Raid:Manual Rebuild

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PythonIcon.png Skill level: Advanced
The instructions on this page may require deviations from standard procedures. A good understanding of linux and Koozali SME Server is recommended.

Warning.png Warning:
Get it right or you will lose data. Take a backup! Let the raid sync, this can take quite a while.

SME Servers Raid Options are largely automated, if you built your system with a single hard disk simply logon as admin and select Disk Redundancy to add a new drive to your RAID1 array. The same procedure is used if you have a disk failure in a RAID array and you have replaced that failed disk.

But with the best laid plans things don't always go according to plan, these are the processes required to do it manually.

See also: Hard Disk Partitioning and Raid#Resynchronising_a_Failed_RAID

HowTo: Manage/Check a RAID1 Array from the command Line

What is the Status of the Array

[root@ ~]# cat /proc/mdstat
Personalities : [raid1]
md2 : active raid1 sdb2[2] sda2[0]
      488279488 blocks [2/1] [U_]
      [=>...................]  recovery =  6.3% (31179264/488279488) finish=91.3min speed=83358K/sec
md1 : active raid1 sdb1[1] sda1[0]
      104320 blocks [2/2] [UU]

unused devices: <none>

HowTo: Reinstate a disk from the RAID1 Array with the command Line

Look at the mdstat

First we must determine which drive is in default.

[root@ ~]#cat /proc/mdstat
Personalities : [raid1] 
md1 : active raid1 sdb1[1] sda1[0]
      104320 blocks [2/2] [UU]
md2 : active raid1 sdb2[2](F) sda2[0]
      52323584 blocks [2/1] [U_]
unused devices: <none>

(S)= Spare (F)= Fail [0]= number of the disk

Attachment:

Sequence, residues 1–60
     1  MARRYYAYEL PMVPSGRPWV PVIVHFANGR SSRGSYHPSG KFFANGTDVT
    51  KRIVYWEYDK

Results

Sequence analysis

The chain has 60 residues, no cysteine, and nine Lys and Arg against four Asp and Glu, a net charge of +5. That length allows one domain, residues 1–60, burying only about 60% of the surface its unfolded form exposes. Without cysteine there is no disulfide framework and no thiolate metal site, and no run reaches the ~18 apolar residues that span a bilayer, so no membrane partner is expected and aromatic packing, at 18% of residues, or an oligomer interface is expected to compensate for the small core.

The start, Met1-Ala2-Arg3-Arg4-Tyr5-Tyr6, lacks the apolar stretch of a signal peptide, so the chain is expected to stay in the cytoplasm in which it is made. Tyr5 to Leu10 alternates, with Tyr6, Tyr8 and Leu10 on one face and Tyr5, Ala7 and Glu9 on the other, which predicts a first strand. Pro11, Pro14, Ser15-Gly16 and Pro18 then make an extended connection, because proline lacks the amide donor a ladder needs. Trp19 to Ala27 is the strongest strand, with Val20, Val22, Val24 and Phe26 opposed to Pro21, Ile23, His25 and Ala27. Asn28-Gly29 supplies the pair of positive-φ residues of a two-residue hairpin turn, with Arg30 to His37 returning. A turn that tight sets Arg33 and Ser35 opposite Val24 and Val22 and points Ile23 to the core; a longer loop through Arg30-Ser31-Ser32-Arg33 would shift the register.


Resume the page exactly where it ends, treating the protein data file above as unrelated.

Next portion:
Important.png Note:
As we can see the partition sdb2 is in default, we can see the flag: sdb2 [2] (F). We need to resynchronize the disk sdb to the existing array md2.

Fail and remove the disk, sdb in this case

mdadm: set /dev/sdb2 faulty in /dev/md2

[root@ ~]# mdadm --manage /dev/md2 --fail /dev/sdb2

mdadm: hot removed /dev/sdb2

[root@ ~]# mdadm --manage /dev/md2 --remove /dev/sdb2

mdadm: set /dev/sdb1 faulty in /dev/md1

[root@ ~]# mdadm --manage /dev/md1 --fail /dev/sdb1

mdadm: hot removed /dev/sdb1

[root@ ~]# mdadm --manage /dev/md1 --remove /dev/sdb1

Do your Disk Maintenance here

At this point the disk is idle.

[root@ ~]# cat /proc/mdstat
Personalities : [raid1] 
md1 : active raid1 sda1[0]
      104320 blocks [2/1] [U_]
md2 : active raid1 sda2[0]
      52323584 blocks [2/1] [U_]
unused devices: <none>

Important.png Note:
You'll have to determine if your disk can be reinstated at the array. In fact sometimes a raid can get out of sync after a power failure but also some times for physical outages of the hard disk. It is necessary to test the hard disk if this occurs repeatedly. For this we will use smartctl.

For all the details available by SMART on the disk

[root@ ~]# smartctl -a /dev/sdb

At least two types of tests are possible, short (~ 1 min) and long (~ 10 min to 90 min).

[root@ ~]# smartctl -t short /dev/sdb #short test
[root@ ~]# smartctl -t long  /dev/sdb #long test